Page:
The committee leveraged the military efficiency argument and contended that the new complexities of war warranted a greater infusion of skilled service members. In particular, the nuclear Navy could not afford for its Sailors to be trained inadequately. Maximum military efficiency required that every member of the armed forces be able to exploit their talents, and the committee reasoned an inseparable link therefore existed between military efficiency and equal opportunity. For more on Truman’s Executive Order 9981: Advancing Military Policy Ahead of American Attitudes, read the blog by NHHC Historian Dr. Heather M. Haley at The Sextant. For more on the African American experience in the U.S. Navy, visit NHHC’s website.

USS Harry S. Truman (CVN-75)

USS Harry S. Truman (CVN-75) during sea trials, circa 1998.

Today in Naval History—Harry S. Truman Turns 25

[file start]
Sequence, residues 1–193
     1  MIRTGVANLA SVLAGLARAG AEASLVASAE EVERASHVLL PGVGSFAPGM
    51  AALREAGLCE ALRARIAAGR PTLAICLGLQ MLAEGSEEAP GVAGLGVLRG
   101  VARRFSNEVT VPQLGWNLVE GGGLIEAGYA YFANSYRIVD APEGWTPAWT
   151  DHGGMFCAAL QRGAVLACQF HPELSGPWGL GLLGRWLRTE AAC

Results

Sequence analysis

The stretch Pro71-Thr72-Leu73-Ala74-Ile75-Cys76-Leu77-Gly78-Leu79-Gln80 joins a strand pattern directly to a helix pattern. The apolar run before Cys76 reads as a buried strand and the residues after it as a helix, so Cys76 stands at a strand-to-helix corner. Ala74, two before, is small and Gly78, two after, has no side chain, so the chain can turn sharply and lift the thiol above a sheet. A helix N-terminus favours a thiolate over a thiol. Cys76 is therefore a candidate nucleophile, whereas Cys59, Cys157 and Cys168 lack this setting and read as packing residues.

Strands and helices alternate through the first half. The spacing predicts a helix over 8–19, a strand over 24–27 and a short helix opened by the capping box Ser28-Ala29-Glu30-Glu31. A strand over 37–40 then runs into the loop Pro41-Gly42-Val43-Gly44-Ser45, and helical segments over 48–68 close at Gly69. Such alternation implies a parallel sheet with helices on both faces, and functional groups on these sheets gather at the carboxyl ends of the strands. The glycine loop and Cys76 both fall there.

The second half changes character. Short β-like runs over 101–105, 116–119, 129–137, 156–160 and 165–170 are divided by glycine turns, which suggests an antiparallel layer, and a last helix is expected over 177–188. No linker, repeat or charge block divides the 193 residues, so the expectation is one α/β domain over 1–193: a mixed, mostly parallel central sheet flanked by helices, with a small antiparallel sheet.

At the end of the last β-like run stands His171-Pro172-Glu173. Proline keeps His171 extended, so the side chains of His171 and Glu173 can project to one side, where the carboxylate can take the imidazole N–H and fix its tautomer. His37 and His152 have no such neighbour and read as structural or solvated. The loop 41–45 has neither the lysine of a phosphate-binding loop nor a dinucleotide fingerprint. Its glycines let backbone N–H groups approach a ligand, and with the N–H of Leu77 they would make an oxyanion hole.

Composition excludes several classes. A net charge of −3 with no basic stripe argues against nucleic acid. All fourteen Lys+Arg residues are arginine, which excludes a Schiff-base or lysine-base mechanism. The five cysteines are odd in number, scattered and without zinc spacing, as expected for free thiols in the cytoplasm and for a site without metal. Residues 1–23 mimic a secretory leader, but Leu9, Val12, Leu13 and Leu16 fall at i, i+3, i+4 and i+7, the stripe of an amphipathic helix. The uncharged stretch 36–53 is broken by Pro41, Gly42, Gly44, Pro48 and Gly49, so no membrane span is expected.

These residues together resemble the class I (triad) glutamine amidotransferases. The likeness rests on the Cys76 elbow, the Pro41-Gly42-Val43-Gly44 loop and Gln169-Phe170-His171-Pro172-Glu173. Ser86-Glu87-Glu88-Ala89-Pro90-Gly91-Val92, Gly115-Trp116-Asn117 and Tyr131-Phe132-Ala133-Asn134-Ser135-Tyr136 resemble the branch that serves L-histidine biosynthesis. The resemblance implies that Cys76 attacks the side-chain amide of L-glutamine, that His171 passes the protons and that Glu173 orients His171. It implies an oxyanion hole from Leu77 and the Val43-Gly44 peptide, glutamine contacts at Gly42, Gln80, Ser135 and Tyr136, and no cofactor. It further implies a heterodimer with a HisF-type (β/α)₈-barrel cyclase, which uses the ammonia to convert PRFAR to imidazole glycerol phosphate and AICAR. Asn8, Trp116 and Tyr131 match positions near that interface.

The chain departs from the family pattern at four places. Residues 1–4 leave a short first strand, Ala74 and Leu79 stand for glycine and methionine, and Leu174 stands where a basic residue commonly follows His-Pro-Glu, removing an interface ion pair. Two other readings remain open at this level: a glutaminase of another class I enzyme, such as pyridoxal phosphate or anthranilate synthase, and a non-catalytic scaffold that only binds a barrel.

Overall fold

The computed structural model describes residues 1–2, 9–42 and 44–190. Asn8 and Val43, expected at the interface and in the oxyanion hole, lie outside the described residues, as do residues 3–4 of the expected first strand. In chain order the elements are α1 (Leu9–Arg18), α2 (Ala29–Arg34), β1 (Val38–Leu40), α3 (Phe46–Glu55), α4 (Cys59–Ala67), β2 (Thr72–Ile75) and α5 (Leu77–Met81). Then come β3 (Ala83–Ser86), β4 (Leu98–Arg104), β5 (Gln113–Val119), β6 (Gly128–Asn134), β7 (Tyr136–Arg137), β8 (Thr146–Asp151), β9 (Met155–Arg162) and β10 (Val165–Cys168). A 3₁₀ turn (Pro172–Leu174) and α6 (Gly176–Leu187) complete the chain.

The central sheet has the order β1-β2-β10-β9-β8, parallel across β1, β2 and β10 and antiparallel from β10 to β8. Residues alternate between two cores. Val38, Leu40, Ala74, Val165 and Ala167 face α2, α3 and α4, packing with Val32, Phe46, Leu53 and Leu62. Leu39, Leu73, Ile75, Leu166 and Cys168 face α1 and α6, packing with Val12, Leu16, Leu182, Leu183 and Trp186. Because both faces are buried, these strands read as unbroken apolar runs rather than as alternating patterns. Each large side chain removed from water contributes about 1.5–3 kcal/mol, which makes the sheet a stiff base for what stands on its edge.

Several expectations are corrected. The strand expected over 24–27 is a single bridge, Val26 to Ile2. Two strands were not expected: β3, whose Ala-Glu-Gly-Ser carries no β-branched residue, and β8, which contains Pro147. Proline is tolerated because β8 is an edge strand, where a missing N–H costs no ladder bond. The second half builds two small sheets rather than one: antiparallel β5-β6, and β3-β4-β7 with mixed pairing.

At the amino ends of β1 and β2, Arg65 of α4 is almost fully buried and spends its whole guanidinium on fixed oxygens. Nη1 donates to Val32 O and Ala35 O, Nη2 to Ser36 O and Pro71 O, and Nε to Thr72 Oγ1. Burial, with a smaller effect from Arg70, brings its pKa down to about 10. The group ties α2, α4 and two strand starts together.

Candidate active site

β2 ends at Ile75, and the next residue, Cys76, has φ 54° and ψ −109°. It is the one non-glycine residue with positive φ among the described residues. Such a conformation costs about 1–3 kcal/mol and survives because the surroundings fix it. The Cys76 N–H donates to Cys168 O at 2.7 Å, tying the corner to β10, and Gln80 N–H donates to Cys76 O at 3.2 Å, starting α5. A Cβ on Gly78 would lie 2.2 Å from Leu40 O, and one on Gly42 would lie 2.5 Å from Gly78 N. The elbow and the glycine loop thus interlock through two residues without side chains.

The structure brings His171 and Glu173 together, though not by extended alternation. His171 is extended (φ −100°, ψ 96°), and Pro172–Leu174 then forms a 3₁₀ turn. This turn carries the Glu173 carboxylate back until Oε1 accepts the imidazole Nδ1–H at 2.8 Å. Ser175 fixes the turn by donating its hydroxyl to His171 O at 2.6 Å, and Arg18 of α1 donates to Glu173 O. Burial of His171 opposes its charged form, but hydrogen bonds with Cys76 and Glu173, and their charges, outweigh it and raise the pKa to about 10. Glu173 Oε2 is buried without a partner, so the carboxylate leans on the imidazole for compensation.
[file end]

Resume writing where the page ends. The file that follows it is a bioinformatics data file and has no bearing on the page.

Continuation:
On July 25, 1998, USS Harry S. Truman (CVN-75) was commissioned at Naval Station Norfolk, Virginia. The eighth aircraft carrier of the Nimitz class was the first to be named after the 33rd president of the United States. On the ship’s maiden voyage, Harry S. Truman deployed to the Mediterranean, Red Sea, Gulf of Aden, Indian Ocean, Arabian Sea, and Arabian Gulf. During the underway, the ship participated in Operation Southern Watch, during which it enforced UN sanctions on Iraq. The carrier’s deployment was highlighted by a strike on an Iraqi radar system with precision-guided munitions and the seizure of smuggled Iraqi oil worth $460,000. After nearly 180 days and traveling more than 44,000 nautical miles, the ship completed its first deployment in May 2001.